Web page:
From this post, on the ECB and the new bailout procedures:
No, but it can tighten policy just as easily by raising the rate paid on cash in its deposit facility. Indeed, this is part of its usual operating procedure: the headline “repo rate” lies at the center of a corridor, with the deposit rate at the bottom. Already there are enough excess reserves sloshing around that the deposit rate is arguably the true risk-free short rate. There are currently 350 billion euros in the deposit facility (so this is the marginal rate paid on cash for a lot of banks!), and the EONIA overnight rate is at 0.1%, far closer to the 0% deposit rate than the 0.75% repo rate.
As long as this continues, the ECB can just follow its normal operating procedure, keeping in mind that the “true” rate is 75 basis points below the rate it’s announcing. There’s no real effect from having greater or fewer excess reserves outstanding; in my view, the “sterilization” program is a meaningless way of appeasing people who still hew to some kind of crude monetarism and don’t understand how the ECB’s policy actually works.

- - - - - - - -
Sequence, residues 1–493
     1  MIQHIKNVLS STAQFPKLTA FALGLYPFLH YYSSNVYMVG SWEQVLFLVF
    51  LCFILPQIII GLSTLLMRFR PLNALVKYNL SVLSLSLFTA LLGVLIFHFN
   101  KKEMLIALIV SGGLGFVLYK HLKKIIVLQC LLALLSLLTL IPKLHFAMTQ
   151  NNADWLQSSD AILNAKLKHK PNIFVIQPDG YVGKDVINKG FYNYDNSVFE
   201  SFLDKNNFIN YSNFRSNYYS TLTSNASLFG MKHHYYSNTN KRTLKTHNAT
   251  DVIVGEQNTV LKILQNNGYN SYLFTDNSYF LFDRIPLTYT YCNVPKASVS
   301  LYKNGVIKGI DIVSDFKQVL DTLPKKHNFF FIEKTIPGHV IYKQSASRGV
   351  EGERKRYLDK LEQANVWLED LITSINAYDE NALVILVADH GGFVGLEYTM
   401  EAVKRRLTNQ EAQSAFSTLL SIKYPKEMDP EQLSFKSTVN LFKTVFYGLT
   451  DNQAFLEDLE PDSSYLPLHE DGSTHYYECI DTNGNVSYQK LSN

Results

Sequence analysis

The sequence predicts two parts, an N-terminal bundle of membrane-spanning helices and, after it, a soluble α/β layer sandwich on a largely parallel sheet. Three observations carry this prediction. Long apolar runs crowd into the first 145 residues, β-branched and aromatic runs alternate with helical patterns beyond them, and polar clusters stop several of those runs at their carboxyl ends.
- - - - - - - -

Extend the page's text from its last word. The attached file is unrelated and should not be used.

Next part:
The critics are right about one thing, though; the taxpayers are the residual claimants here. If the ECB buys lots of Italian and Spanish debt and then they either default or leave the Euro, a hole will be blown in its balance sheet, and if insolvent it will require a taxpayer bailout. (And even if it’s not insolvent, profits that would otherwise have been remitted to taxpayers will disappear.) This is a fairly likely scenario.